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Voters To Decide On State’s Last Dry Bastion

March 27, 1986

RICHLAND CENTER, Wis. (AP) _ The last time you could legally buy beer or booze in this southwestern Wisconsin city, Prohibition had just ended and Franklin Roosevelt was president.

A ballot to determine whether Wisconsin’s last dry city stays that way is expected to draw a record turnout Tuesday.

Backers of the four referenda dealing with legalizing alcoholic beverages say a change would do more than fill glasses: It would attract business and help fill empty downtown stores in the community of 5,000 people.

″It’s time for a change,″ says Jim Leyda, an automobile dealer active in the Richland Center Advancement Association. ″This town has been stagnant for years. We’d like to fill up those empty stores, not with taverns, but with viable businesses.″

But the Rev. Kenneth Brice, a retired United Methodist minister, thinks otherwise.

″They (the wets) think they have the answer to any industrial or economic problems,″ he said. ″The record shows it’s just the opposite. We have no need for it. It would just bring in problems.″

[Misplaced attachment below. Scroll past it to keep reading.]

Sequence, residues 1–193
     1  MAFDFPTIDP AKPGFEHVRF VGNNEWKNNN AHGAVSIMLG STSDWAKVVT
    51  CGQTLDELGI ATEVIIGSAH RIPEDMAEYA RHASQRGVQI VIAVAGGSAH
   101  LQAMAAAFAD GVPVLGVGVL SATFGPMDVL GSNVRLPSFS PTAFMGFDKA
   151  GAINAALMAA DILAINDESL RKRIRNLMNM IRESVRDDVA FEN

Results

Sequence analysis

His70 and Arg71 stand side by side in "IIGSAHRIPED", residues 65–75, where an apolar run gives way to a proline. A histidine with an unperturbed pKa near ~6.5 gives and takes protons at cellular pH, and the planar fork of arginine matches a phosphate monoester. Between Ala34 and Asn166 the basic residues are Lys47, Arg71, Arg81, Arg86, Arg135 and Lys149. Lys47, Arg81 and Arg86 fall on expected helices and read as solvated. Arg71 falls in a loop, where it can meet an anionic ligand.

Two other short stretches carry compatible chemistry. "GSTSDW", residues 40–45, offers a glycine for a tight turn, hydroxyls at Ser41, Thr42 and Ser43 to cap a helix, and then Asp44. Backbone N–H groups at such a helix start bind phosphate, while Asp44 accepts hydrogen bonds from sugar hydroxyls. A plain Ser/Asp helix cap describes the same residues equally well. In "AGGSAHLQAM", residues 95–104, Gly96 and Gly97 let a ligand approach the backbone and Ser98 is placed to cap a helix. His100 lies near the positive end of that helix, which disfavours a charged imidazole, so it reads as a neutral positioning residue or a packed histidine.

Brice is active in Citizens for a Strong Dry Center, made up mostly of ministers. The city has nearly two dozen churches.

C. Lee Cheaney, director of the inheritance and excise tax bureau of the Wisconsin Department of Revenue, said Richland Center is the last dry city in the state. There are also 53 dry towns and three dry villages, he said.

Richland Center first went liquorless in 1909 and stayed that way except for a few months after the repeal of Prohibition in 1933. A local ordinance has kept it dry since.

The four questions Tuesday ask whether beer and liquor should be sold in taverns and retail stores.

In 1967 a liquor referendum lost by 75 votes and a beer vote by 107.

In anticipation of a wet vote, the City Council this month passed an ordinance that would limit licenses to supper clubs and in effect bar traditional taverns.

Leyda says the dispute is not a moral issue, that farm-income problems are affecting the community and that because of the liquor ban Richland Center has had difficulty attracting businesses.

″Holiday Inns said that if they can’t get a liquor license they won’t build a hotel,″ he said.

Brice said, however, that Richland Center has ″plenty of other things″ to attract tourists and businesses, including good parks, cultural activities connected with the University of Wisconsin-Richland Center two-year campus and a Frank Lloyd Wright museum in a former warehouse designed by the architect.

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